Ironton boy waits for cousin to return from Iraq

Published 12:00 am Sunday, April 6, 2003

Twelve-year-old Luke Aldridge's voice wavers and his eyes become moist as he sits in his living room explaining how Joshua Osborne, his brother as far as he is concerned, is fighting for America in the war with Iraq.

Although the 20-year-old Osborne is actually Luke's cousin, the two have grown up together and are much closer than average cousins, said Wendie Aldridge, Luke's mother and Josh's aunt.

Josh Osborne has faced a lot of adversity in his life. His father passed away when he was seven and his mother succumbed to cancer when he was 16. After living with the Aldridges off and on his entire life, he came to live with them permanently in 1999, Wendie said.

Email newsletter signup

"It was a rough road for Josh. He has overcome a lot of obstacles," she said. "That is why my son and Josh are so close. They call each other, and truly consider each other, brothers. They have shared a room, shared everything. This has been hard on Luke."

Luke last talked with Josh in February, but said he thinks about him every day. As he anxiously awaits the next call, Luke said he will have plenty to say to him when it finally comes.

"I would tell him that I am proud of him," he said with the emotion evident on his young face. "And that we love him and miss him."

When he first heard that Josh wanted to join the military, Luke said he did not take it seriously.

"I did not think he would do it," Luke said. "He just didn't seem like the type. I wish he would have chosen a different job."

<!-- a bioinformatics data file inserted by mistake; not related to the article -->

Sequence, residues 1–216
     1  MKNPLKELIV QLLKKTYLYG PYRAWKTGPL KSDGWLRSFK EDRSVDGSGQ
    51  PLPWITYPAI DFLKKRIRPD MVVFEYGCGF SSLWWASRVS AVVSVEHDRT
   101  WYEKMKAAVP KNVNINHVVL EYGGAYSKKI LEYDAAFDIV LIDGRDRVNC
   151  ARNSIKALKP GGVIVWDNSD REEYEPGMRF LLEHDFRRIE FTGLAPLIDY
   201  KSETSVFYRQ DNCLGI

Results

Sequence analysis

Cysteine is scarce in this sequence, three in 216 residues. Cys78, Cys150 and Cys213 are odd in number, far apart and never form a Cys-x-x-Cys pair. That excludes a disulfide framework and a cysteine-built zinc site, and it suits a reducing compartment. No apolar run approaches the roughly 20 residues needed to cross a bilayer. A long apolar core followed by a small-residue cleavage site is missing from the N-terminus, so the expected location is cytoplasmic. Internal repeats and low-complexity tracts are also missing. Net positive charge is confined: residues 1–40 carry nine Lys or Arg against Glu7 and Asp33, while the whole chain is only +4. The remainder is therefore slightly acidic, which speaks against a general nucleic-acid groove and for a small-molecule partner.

Luke now waits, worried and anxious, for his brother and friend to return so they can hit the fishing holes and shooting range like they used to.

The family attended the support our troops rally in Ironton Thursday. Luke took a picture of Josh with him and said it made him feel good to see so many people supporting the military.

Josh enlisted in the Marine Corps in May 2002, missing his June graduation from Ironton High School because he was in boot camp at Parris Island, S. C.

He is a private first class in the 1st Battalion 7th Marine regiment, Charley company.

As an infantryman, Josh was deployed in January and is currently on the march to Baghdad.

"He is right on the front lines and that is what really scared us," Wendie said. "We tried to talk him out of infantry, but he said that he just felt like that is where he belongs."

It is important to realize that men and women from Lawrence County are in Iraq fighting for the freedoms of everyone, Wendie said.

The Aldridges' television has constantly been tuned to CNN to watch for reports from a journalist who is with Josh's unit. Although the coverage has been great to keep them up to date, Wendie said it has posed some unique challenges.

"Luke asked if Josh would be OK when he went into Baghdad," she said. "That is a hard question to answer. I tell him to keep praying for Josh and everyone else over there and to keep his faith."

The media coverage has been good because it lets everyone know exactly what is going on in Iraq, Luke said.

"If it was not for the television and the Internet, we would have nothing," Wendie said.

Above all the Aldridges said they know that Josh has overcome

hardships and that his personality and character will bring him home safely

"He is funny and crazy," Luke said. "He makes us laugh."

"Josh is a comedian. He is full of life," Wendie elaborated. "He is either driving you crazy or making you laugh."

Laughter, prayer and love are what the family will continue to rely on to pull them through.